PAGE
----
Teen novel is worth a read

Danielle Kiefer

By Danielle Kiefer, Arts Editor

Teenage romance is the backbone of countless young adult books. It is seemingly nothing new. However, Rainbow Rowell’s novel about young love Eleanor & Park is anything but ordinary.

Set in 1986, Eleanor & Park is a story about two high schoolers who fall in love despite overwhelming everyday obstacles and their unlikeliness as a couple. Eleanor Douglas, described as a “big girl,” has a head of bright red hair, which, combined with her odd fashion sense, lands her as a target for bullies, especially on the school bus. After desperately searching for a seat on the first day of school, she ends up next to Park Sheridan, a half-Korean boy whose borderline popularity is just enough to keep him from being bullied. Through their daily bus rides, the two forge an unlikely friendship that soon blossoms into love.

However, the teenagers’ lives are not without their struggles—in fact, their relationship is rooted in obstacles. At the beginning of the novel, after being kicked out of her house for a year by her alcoholic, abusive stepfather, Eleanor returns to her home in Omaha, Nebraska, to live with him, her mother and five siblings. Her life at home is anything but pleasant. In addition to sharing a small room with all of her brothers and sisters and being so poor that she cannot afford a toothbrush, she is constantly afraid of upsetting her stepfather.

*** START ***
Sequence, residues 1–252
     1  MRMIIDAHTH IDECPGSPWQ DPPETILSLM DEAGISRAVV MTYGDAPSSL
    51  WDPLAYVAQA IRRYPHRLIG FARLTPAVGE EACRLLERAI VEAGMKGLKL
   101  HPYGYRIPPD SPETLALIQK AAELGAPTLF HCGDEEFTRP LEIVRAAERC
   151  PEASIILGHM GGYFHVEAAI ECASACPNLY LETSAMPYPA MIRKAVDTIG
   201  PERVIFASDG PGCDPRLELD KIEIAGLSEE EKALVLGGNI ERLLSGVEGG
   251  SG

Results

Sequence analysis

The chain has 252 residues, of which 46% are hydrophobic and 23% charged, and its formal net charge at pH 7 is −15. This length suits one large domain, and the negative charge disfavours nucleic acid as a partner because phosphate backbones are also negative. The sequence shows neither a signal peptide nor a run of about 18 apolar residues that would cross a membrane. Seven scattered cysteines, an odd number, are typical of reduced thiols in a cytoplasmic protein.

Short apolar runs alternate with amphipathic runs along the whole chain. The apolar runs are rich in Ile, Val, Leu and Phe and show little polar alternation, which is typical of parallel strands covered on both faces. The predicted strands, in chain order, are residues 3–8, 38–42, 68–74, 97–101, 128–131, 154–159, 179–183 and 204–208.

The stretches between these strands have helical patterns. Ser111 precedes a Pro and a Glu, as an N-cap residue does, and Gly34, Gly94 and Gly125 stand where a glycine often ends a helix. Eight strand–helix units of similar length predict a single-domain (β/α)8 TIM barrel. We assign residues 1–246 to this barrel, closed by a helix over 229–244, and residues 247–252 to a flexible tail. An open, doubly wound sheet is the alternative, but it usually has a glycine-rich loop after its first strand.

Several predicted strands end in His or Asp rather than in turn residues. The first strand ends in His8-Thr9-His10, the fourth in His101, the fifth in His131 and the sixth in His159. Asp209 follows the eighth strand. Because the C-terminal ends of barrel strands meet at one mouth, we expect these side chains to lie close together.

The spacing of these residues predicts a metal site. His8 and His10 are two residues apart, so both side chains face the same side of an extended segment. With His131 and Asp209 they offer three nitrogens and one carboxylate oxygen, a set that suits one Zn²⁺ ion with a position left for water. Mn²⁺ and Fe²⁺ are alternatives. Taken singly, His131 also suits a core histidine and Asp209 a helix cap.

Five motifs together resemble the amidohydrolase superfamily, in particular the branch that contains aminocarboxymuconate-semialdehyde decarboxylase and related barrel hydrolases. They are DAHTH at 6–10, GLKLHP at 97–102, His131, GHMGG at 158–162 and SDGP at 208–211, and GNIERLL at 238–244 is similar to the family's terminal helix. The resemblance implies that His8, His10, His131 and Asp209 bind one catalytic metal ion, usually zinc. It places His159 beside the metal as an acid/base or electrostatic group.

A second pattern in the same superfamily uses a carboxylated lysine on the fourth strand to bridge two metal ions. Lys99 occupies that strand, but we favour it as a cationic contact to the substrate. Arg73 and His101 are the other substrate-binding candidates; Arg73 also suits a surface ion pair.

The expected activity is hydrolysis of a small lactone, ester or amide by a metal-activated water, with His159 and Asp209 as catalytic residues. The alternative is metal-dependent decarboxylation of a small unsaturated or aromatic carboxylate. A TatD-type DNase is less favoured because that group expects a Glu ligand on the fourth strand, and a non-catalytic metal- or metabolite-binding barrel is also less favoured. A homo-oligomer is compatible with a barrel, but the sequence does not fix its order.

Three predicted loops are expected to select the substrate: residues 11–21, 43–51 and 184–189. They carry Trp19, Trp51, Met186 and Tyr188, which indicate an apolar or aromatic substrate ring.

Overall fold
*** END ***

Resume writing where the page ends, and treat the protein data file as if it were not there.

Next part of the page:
According to a September 2013 NPR article, Rowell stated that the purpose of the novel is hope, even in the worst circumstances.

Many CHS students are fans of Eleanor & Park, especially those who enjoy the popular book The Fault in Our Stars by John Green, which is being released as a movie June 6. Both young adult novels share a theme of unconventional love between teenagers.

“I liked the book because of how attached I became to the characters and of course the ending, which blew me away,” junior Jake Smith said.

According to media specialist Page Pagley, a copy of Eleanor & Park was recently purchased for the media center and is already checked out.

“The characters were really realistic and relatable,” junior Yasmine Kehenmouyi said.

Eleanor & Park also has its downfalls: the vulgar language and mature issues may be inappropriate for young readers, and some may consider Eleanor and Park’s romance to be slightly hurried. Despite this, the book has a mostly positive reception and even won the 2014 Michael L. Printz Honor for excellence in young adult literature. Overall, Eleanor & Park is a well-written and captivating book about a love that is strong and inspiring.

“I thought the book was a fantastic read that really captured the mindset of a teenager well,” Smith said.